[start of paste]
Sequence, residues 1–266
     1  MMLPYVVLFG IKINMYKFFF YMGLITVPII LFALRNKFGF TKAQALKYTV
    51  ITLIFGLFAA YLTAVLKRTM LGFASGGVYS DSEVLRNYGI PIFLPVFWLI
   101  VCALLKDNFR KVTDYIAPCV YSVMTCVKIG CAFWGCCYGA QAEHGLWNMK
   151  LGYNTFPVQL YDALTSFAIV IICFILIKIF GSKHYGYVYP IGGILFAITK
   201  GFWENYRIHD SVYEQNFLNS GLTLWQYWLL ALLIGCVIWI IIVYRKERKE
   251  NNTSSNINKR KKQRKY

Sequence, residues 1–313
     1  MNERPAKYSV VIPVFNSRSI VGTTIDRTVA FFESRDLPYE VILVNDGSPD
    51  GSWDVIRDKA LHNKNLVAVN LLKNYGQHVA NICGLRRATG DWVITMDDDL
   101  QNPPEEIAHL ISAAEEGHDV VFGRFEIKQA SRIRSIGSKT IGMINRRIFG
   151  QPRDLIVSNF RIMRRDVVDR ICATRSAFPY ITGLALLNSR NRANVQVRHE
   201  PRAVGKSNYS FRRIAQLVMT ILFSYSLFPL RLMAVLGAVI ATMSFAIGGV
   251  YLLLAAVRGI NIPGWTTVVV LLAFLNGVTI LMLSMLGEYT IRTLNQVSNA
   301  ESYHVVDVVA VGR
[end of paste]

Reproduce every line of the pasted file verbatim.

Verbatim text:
Sequence, residues 1–266
     1  MMLPYVVLFG IKINMYKFFF YMGLITVPII LFALRNKFGF TKAQALKYTV
    51  ITLIFGLFAA YLTAVLKRTM LGFASGGVYS DSEVLRNYGI PIFLPVFWLI
   101  VCALLKDNFR KVTDYIAPCV YSVMTCVKIG CAFWGCCYGA QAEHGLWNMK
   151  LGYNTFPVQL YDALTSFAIV IICFILIKIF GSKHYGYVYP IGGILFAITK
   201  GFWENYRIHD SVYEQNFLNS GLTLWQYWLL ALLIGCVIWI IIVYRKERKE
   251  NNTSSNINKR KKQRKY

Sequence, residues 1–313
     1  MNERPAKYSV VIPVFNSRSI VGTTIDRTVA FFESRDLPYE VILVNDGSPD
    51  GSWDVIRDKA LHNKNLVAVN LLKNYGQHVA NICGLRRATG DWVITMDDDL
   101  QNPPEEIAHL ISAAEEGHDV VFGRFEIKQA SRIRSIGSKT IGMINRRIFG
   151  QPRDLIVSNF RIMRRDVVDR ICATRSAFPY ITGLALLNSR NRANVQVRHE
   201  PRAVGKSNYS FRRIAQLVMT ILFSYSLFPL RLMAVLGAVI ATMSFAIGGV
   251  YLLLAAVRGI NIPGWTTVVV LLAFLNGVTI LMLSMLGEYT IRTLNQVSNA
   301  ESYHVVDVVA VGR